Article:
It's harder now, especially with more breweries to try and learn about producing more and more beers. But it's not impossible, a phone call to the brewery usually gets you the information you need from a usually very helpful brewer who wants to see their beers sold at their best.

But we don't have cellarmen any more. There's very few pubs I know that even train up all their full time staff properly in looking after beer. And I think this is where the quality problem is coming from.
There will always be pubs that shift beer as a product, roll it in, rack it up, shift it out. More interested in getting money in the tills than making sure the customer is getting a decent pint.
But the pubs that are known for focussing on the beer, they really need to keep that focus. They need to make sure that staff are properly trained, and they need to make sure that any beer that goes over the bar, whether cask or keg, is in the best condition it possibly can be. Because at the moment it's not.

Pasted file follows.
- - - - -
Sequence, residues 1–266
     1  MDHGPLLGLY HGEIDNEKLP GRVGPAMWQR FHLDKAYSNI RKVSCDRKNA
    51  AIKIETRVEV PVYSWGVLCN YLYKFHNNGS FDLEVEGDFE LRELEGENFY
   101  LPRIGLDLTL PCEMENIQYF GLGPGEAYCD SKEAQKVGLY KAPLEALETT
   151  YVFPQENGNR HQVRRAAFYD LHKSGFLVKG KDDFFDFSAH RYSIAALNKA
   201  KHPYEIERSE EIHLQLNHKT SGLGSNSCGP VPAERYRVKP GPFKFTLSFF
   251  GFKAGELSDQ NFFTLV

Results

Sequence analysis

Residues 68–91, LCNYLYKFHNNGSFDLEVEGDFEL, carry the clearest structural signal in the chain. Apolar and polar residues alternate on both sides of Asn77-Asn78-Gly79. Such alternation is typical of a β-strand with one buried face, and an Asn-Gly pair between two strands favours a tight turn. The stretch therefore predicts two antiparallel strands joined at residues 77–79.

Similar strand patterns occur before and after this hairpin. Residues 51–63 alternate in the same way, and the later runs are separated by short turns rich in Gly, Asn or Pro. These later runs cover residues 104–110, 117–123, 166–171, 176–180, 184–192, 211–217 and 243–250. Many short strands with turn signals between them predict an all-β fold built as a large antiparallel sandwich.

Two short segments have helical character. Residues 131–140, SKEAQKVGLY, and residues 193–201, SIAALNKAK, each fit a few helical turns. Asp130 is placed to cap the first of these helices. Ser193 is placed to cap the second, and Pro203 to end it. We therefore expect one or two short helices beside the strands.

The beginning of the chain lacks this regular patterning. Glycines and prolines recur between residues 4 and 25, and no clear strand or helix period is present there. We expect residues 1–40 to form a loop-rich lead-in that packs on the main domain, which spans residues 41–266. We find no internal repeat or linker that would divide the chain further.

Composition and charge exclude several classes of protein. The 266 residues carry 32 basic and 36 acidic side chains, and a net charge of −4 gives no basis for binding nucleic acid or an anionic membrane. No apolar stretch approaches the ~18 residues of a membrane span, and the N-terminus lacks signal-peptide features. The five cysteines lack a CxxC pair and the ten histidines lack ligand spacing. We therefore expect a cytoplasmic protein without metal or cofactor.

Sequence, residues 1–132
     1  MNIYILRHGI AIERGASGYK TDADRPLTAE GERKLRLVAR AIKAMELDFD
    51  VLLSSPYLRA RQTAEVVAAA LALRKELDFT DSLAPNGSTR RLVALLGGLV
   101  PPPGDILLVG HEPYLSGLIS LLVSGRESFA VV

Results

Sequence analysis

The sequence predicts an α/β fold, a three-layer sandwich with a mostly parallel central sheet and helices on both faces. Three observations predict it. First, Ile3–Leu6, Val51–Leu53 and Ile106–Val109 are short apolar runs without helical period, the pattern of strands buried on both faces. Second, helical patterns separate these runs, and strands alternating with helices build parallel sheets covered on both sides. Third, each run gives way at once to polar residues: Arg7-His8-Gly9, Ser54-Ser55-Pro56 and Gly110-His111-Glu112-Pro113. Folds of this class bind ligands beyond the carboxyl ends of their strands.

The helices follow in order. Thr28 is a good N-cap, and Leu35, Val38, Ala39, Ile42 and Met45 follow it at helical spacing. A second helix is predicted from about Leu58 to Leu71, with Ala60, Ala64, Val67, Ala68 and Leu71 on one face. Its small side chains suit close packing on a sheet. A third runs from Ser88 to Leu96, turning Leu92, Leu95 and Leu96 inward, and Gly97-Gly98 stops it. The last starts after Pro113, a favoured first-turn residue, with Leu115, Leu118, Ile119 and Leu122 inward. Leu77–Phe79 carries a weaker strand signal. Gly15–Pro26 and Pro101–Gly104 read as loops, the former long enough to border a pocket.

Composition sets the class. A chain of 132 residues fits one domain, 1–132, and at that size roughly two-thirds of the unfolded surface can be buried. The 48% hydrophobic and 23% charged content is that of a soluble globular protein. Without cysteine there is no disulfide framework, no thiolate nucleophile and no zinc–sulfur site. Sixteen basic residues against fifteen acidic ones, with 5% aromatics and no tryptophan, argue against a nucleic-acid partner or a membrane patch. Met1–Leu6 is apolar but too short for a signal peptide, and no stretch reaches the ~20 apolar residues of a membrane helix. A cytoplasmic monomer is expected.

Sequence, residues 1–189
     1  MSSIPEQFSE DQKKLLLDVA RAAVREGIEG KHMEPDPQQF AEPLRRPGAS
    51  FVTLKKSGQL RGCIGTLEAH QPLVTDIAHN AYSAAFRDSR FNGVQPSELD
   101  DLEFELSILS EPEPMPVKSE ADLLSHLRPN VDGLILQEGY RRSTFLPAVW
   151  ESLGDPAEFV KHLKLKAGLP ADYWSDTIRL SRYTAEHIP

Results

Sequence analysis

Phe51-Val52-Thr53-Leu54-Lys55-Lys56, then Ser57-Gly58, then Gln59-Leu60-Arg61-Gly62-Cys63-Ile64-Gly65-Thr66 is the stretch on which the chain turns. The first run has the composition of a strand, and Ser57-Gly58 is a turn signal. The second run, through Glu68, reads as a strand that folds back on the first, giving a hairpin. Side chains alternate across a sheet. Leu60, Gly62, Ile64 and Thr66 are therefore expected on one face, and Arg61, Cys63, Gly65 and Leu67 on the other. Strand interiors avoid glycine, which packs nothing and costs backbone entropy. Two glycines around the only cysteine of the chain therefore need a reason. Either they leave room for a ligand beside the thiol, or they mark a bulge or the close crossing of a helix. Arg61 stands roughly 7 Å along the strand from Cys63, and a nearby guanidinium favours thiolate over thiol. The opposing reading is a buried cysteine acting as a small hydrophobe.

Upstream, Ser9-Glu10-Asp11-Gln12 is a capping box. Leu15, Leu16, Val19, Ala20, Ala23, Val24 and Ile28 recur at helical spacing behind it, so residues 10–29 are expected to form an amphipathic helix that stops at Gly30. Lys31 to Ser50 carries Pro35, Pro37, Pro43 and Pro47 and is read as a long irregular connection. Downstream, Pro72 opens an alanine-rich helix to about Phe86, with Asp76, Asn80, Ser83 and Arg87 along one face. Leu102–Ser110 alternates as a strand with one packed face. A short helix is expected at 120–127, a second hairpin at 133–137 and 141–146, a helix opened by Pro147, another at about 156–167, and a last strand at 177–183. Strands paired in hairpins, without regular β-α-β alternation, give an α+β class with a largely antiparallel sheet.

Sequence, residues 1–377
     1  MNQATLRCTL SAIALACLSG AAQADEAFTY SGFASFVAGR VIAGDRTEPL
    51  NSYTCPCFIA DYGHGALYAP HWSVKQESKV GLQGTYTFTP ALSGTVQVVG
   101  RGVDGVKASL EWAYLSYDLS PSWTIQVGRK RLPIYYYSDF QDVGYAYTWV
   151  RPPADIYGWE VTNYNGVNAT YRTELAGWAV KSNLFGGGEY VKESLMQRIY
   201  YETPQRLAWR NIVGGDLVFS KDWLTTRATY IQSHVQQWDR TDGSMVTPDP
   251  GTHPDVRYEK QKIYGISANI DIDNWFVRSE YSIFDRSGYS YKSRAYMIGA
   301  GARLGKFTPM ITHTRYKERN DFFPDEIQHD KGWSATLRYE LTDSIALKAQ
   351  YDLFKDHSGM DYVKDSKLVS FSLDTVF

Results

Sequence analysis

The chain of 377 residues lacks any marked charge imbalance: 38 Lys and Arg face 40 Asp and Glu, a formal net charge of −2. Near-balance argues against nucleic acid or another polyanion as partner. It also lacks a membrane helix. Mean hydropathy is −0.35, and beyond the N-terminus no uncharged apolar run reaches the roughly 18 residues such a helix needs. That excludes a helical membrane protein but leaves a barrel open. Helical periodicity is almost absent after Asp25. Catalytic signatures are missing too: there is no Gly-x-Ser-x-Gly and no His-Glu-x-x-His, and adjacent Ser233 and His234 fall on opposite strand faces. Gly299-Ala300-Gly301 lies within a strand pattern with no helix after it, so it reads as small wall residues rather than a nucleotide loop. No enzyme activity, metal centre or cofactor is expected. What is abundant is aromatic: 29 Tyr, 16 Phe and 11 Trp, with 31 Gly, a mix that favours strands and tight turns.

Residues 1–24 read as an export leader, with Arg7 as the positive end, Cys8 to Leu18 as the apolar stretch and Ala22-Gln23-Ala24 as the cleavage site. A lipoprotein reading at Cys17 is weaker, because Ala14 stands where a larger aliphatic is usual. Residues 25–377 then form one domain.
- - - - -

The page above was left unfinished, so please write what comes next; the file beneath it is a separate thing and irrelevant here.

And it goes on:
There's too much variability in the beer we're seeing. Yes, it's great that there's a lot of new breweries and a lot of interest in beer, but if that beer's not at it best then it's a wasted opportunity.

Curmudgeon said...

Little to disagree with there, although surely there is a lot of keg of the smoothflow type sold in the same strength range as most cask, even if the two don't tend to compete for the favours of the same drinkers.

I get the impression that many pubs simply don't have the turnover to keep all their cask beers in good nick, and I wonder whether many of them are in fact resorting to cask breathers to prolong shelf life. I come across a lot of beer that, while not off as such, seems very dull as if it's somehow had the stuffing knocked out of it.

Cooking Lager said...

Well put Tand. The problem is duff pubs flogging ropey grog.

Us supermarket lager drinkers, are not in the gun sights of the beards. Nice one, sir.

Alistair Reece said...

"It requires folks that will happily rattle back two, three or four pints in a session and it would seem that there are less drinkers of that ilk around now."

It is becoming ever more clear that my country needs me...

Martin, Cambridge said...

I reckon I drink more mediocre beer, though rarely poor beer, than 10-15 years ago, and I think you correctly put that down to turnover. This is not surprising when you look at the expansion in handpumps, growth in keg cider, and general reduction in drinking.